It is said that sake has more versatility than wine. It can be served ambient, warm, hot, cold or chilled. It can be consumed straight or with diverse foods. It can be mixed with other ingredients to make mixed drinks or cocktails. It can be consumed in all four seasons, day and night, indoor or outdoor, on special occasions or in ordinary times. Sake is a new alcoholic beverage for our diverse and infusing ‘food and beverage’ culture and is enjoyed at many occasions.


Sake has traditionally been served warm or hot except for occasions when a warming device is not available. Drinking sake cold was considered bad manners. Sake brewers in western Japan have been brewing sweet, full-bodied sake for many years. They had a traditional way of making and drinking sake. But Japanese eating habits have changed to include a wider variety of foods, including western styles. To cope with this change, sake has also changed accordingly over the past 40-50 years. Some sake is now intended to be served cold and is brewed accordingly. Sake lovers have options to drink either chilled, warmed or hot sake.

Generally speaking, warm sake is good for drinking straight in cold weather with heavily flavored foods, and cold sake is good for drinking straight on sunny, warm days with delicately flavored foods, like seafood including sushi, sashimi or tofu. Cold sake can be a good alternative to dry white wine without pressing a fruity flavor. Think about dry cold sake with raw oyster on the shell. Sake can be served on the rocks for a treat on sunny days.

In the U.S. market, poor quality, less expensive sake is often served warm in a ceramic Tokkuri carafe, and more sophisticated, expensive sake is served cold in a bottle. Consumers may be unable to tell what kind of sake they are drinking warm from a ceramic carafe. Consumers may know what kind of cold sake they are drinking from a bottle if they read the label, but most are printed in Japanese. Niigata Meijo sake carries a hybrid label with English and Japanese which consumers are able to read.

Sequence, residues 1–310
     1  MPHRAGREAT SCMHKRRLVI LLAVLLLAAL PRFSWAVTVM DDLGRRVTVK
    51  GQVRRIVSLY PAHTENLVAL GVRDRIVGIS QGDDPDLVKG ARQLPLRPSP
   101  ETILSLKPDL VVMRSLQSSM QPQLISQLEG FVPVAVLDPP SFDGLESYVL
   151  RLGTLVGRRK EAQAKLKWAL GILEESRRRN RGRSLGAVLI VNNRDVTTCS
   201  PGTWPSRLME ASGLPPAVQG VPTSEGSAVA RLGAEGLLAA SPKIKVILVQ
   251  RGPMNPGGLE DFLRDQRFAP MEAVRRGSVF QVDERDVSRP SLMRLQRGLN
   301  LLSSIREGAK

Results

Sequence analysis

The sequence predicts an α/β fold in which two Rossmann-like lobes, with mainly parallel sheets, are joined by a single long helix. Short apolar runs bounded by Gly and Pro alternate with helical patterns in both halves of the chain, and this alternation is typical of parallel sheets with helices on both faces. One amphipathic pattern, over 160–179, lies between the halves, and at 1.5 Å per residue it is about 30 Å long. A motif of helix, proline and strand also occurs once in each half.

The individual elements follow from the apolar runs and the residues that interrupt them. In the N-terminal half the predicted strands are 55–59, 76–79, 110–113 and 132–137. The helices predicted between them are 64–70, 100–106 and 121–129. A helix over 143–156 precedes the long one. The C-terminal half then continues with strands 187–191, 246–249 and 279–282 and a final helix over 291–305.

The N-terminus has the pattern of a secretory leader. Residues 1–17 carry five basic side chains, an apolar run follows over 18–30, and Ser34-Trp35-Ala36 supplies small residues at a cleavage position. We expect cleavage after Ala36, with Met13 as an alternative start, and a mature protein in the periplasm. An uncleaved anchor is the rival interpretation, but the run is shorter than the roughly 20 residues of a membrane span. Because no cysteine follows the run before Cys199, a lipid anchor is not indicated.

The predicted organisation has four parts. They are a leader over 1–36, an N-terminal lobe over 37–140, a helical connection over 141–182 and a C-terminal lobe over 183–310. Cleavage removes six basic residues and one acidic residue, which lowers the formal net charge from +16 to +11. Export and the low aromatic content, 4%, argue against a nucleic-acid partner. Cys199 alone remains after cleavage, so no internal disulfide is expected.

Sake has been consumed along with food in old-time banquets and formal dinners. Since Buddhism in Japan historically forbade animal foods except for fish, sake accompanied seafood and vegetarian meals. It was occasionally enjoyed with only salt or miso (soybean paste). As western people are shifting their eating habits from carnivorous to omnivorous to herbivorous, sake is becoming a new beverages of choice with its unique history and culture.

Sake goes well with many kinds of foods because of its characteristic flavor and blunt taste. Since gaining popularity with sushi and other Japanese foods, sake now compliments all kinds of Japanese and Asian fusion foods. Some people are even trying sake paired with meat dishes, cheese, and Italian foods.


Sake has been used for marinating and adding flavor to sauces or condiments. It has the effect of tenderizing meat or fish and reducing unfavorable food odors. One thing to remember when cooking with sake, however, is not to use cheap sake with poor flavor as it carries through to cooked food. Always use good sake for cooking.

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